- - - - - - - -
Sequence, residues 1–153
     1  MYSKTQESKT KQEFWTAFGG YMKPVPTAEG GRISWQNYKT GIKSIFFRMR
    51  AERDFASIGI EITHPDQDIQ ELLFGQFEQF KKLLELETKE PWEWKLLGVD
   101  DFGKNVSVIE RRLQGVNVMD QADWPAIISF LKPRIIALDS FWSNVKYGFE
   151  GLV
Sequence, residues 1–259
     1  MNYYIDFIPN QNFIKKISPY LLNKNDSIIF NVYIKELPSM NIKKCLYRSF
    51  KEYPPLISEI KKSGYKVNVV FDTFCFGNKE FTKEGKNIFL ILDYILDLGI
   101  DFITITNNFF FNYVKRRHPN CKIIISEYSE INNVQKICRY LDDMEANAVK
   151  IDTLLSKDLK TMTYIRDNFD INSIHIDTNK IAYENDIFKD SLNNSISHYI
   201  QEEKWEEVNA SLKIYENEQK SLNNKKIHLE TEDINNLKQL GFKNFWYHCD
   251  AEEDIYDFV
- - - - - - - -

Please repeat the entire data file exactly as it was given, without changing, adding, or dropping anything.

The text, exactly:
Sequence, residues 1–153
     1  MYSKTQESKT KQEFWTAFGG YMKPVPTAEG GRISWQNYKT GIKSIFFRMR
    51  AERDFASIGI EITHPDQDIQ ELLFGQFEQF KKLLELETKE PWEWKLLGVD
   101  DFGKNVSVIE RRLQGVNVMD QADWPAIISF LKPRIIALDS FWSNVKYGFE
   151  GLV
Sequence, residues 1–259
     1  MNYYIDFIPN QNFIKKISPY LLNKNDSIIF NVYIKELPSM NIKKCLYRSF
    51  KEYPPLISEI KKSGYKVNVV FDTFCFGNKE FTKEGKNIFL ILDYILDLGI
   101  DFITITNNFF FNYVKRRHPN CKIIISEYSE INNVQKICRY LDDMEANAVK
   151  IDTLLSKDLK TMTYIRDNFD INSIHIDTNK IAYENDIFKD SLNNSISHYI
   201  QEEKWEEVNA SLKIYENEQK SLNNKKIHLE TEDINNLKQL GFKNFWYHCD
   251  AEEDIYDFV